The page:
The siding on this shack was mainly rough-cut 1x12’s that were pretty flimsy after seventy years in the weather, especially the bits that were under the snowpack four months a year. Fortunately, the builders of the bunkhouse had scrimped on the fasteners and only hammered about 200 sixteen and twenty-penny nails into each piece of siding (a normal person would only have used a half-dozen). My job was to somehow detach the boards from the framing, either by pulling each nail individually or by wrenching the whole board out nails and all. Since the process of rusting makes pieces of steel about fifteen percent bigger, each one stuck like hell in the framing, only giving up after a prolonged struggle, ripping out of the wood with a sound like King Tut’s tomb opening. Imagine trying to remove a piece of papyrus intact from a bulletin board, fastened down with 75 staples.
I didn’t do the job on my own, though—there were armies of thumbnail-sized black flies, several divisions for each limb. Occasionally, I would lose control, take off my hat, and kill until my thirst for blood was slaked, while the endless reserves feasted on the corpses of their dead brethren which littered the battlefield in the thousands. As my stack of siding grew and grew, the fiberglass insulation inside the wall became visible, and revealed huge, twisting rodent galleries filled with little mousey carcasses.
Dad came down to help me one day and we started on a different side of the building. This side had some tarpaper under the siding; as we progressed down the face of the wall we discovered it contained a medium-sized bat colony. They evacuated their home in a hurry, which jolted the piss out of us, but more disturbing was the single remaining bat, which stayed huddled on its perch, trembling. Dad peeled it off with a very long stick, ready to run for cover, but it just flew crookedly away.
After about a week of this I had collected all the siding there was to be had, leaving the skeletal wreck of a bunkhouse to be bulldozed later. I collected the pile, removed any lingering nails, and hauled the mess over to Dunton. I remember a rough calculation of how much these old boards were worth given how long I had taken to collect them and how much they had been paying me (fifteen dollars per hour), and came up with about ten bucks a pound. The point of the whole enterprise was to get some “barn wood” siding for a new bathroom they were attaching to one of the cabins, a veneer to make the new building look seventy years old. How better to do that than by peeling the weathered and papery skin off the rotting corpse of another building and nailing it up? After that, we took some galvanized, corrugated steel sheeting, sprayed it with concentrated hydrochloric acid (to remove the protective zinc coating, so it would rust faster), and finished the roof.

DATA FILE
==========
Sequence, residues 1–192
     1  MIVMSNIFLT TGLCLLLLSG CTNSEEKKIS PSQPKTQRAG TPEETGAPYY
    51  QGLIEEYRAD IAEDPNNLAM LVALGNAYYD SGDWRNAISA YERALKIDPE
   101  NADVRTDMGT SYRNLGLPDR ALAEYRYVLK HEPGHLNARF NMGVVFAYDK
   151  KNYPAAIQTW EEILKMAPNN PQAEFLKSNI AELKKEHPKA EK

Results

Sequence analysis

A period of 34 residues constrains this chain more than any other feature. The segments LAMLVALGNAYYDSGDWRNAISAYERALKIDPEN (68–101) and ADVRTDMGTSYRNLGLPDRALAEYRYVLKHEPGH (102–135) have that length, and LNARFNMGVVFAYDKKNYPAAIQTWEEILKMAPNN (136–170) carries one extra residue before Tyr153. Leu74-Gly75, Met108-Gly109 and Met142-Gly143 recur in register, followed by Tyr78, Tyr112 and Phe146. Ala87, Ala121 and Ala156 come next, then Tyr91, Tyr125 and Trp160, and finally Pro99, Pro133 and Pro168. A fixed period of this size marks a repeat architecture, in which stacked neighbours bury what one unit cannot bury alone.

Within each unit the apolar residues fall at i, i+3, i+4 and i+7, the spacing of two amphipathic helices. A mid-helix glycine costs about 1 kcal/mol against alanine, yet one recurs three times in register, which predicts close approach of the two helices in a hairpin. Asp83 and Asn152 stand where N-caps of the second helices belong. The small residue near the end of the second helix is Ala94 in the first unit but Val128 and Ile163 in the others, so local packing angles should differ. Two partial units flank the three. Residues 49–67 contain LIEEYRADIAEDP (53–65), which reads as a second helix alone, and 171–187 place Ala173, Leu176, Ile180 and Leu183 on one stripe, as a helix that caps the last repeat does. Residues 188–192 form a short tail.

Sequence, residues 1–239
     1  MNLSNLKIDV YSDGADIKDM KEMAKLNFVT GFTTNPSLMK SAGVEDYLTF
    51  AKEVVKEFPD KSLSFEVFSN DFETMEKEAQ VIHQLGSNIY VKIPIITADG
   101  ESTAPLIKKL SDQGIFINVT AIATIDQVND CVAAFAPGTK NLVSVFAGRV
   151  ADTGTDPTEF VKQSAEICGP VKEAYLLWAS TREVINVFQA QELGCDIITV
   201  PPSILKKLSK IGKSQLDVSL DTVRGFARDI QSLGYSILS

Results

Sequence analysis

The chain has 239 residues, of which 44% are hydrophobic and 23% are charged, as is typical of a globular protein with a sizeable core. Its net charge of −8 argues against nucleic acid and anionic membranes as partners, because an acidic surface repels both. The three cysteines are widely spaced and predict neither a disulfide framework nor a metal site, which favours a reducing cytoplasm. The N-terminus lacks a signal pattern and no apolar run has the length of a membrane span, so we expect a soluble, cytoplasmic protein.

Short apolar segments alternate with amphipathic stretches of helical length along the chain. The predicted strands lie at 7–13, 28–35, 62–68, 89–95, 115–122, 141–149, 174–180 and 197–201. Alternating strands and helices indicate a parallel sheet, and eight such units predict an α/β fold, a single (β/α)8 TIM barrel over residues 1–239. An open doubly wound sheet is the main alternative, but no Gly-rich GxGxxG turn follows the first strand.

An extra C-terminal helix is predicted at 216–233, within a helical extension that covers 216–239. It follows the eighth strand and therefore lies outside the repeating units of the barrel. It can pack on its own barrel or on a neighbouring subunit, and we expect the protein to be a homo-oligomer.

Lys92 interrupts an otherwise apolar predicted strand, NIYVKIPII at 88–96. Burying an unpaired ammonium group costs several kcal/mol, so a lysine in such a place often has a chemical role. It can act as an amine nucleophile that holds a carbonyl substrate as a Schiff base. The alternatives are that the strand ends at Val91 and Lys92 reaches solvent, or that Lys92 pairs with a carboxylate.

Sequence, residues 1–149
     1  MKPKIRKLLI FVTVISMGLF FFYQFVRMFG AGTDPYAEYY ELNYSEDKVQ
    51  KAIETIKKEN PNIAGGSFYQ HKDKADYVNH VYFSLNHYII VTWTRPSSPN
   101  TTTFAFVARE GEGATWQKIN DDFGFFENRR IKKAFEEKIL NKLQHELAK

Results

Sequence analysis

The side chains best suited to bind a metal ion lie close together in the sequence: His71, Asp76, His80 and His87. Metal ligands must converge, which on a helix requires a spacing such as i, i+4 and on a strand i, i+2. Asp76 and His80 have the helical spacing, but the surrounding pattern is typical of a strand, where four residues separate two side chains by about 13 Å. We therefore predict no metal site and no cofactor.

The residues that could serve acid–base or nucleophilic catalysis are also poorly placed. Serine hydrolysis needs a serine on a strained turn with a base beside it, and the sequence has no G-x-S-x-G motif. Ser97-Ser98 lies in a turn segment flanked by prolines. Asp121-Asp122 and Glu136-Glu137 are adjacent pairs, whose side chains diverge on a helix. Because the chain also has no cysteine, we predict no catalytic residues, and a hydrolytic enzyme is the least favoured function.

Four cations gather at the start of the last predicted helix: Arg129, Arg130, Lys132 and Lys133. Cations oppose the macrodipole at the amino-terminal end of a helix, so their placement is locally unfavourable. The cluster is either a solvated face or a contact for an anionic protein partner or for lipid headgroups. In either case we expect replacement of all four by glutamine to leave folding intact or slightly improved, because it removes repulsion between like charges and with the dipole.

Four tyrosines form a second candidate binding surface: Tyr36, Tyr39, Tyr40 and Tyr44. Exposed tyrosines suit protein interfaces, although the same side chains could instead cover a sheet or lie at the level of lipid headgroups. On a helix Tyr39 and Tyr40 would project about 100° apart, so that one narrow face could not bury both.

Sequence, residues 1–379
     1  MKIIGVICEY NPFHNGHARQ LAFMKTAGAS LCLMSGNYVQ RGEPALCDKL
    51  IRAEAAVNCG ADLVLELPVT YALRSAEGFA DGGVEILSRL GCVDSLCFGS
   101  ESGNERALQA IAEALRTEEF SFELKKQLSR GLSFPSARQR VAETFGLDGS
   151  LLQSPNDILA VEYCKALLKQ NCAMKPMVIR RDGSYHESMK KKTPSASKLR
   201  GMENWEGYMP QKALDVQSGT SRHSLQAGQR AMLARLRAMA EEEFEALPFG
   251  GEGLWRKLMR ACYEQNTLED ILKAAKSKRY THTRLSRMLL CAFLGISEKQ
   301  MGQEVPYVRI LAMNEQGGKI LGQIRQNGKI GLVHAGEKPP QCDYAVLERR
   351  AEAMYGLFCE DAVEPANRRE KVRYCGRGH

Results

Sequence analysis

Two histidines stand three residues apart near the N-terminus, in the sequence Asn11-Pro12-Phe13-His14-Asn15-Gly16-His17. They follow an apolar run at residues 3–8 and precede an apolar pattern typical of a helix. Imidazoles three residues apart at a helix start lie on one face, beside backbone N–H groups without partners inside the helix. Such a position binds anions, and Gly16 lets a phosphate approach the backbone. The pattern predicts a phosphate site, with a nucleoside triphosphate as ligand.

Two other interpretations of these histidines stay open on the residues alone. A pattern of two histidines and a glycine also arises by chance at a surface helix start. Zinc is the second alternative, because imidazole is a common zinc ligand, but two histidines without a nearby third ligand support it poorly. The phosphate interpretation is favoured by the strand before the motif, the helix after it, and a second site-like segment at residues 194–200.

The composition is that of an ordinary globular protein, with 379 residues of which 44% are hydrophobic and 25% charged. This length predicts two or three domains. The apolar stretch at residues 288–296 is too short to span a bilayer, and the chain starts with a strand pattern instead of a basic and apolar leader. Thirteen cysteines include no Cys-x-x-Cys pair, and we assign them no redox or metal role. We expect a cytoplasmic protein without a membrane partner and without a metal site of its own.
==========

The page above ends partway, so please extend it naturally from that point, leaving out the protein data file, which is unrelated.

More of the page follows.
The idea of Dunton is as a high-class resort, the kind of place where rich people go to feel rich. It is fairly successful in this respect—it has been featured in Fortune, Forbes, and The New York Times. It is a cool place, I’ll admit that. It’s situated in a staggeringly beautiful part of Colorado, the valley of the upper West Fork of the Dolores River. It’s high, but due to a natural dam downstream, the river meanders slowly for a few miles. Later it gets much steeper and faster like rivers usually are in the mountains, but at Dunton it’s nice and small and calm. Several 14,000-foot peaks peer down from the end of the valley, peaks which are actually the far side of the same range emblazoned on the ambassador of Colorado to the world: the Coors beer can.
Dunton is about five hours from the nearest major airport, but it’s only an hour to Telluride for a small airport and some world-class skiing (at eighty-one bucks a day). Dunton itself, aside from the hot springs (which are artificially heated after a backhoe accident a few years back) provides horseback tours, heliski tours, hiking, mountain climbing, rock climbing, mountain biking, all for a nominal fee, of course. Every year Dunton jacks up its price by forty bucks or so, but business just keeps getting better. Spending a substantial amount of money is about as important as having a vacation, it appears. From the conversations I overheard at Dunton, the rich seem to be anxious about a vacation if they aren’t spending enough money—they heard talk of the Vanderbilts going to the Burj Al Arab in Dubai and eating the finest caviar and foie gras, and they’re not sure they’re getting the finest luxury experience. Supply and demand says that if they are paying more, they must be getting a better experience—and who am I to argue? Christoph’s buddies helped send me to college, after all.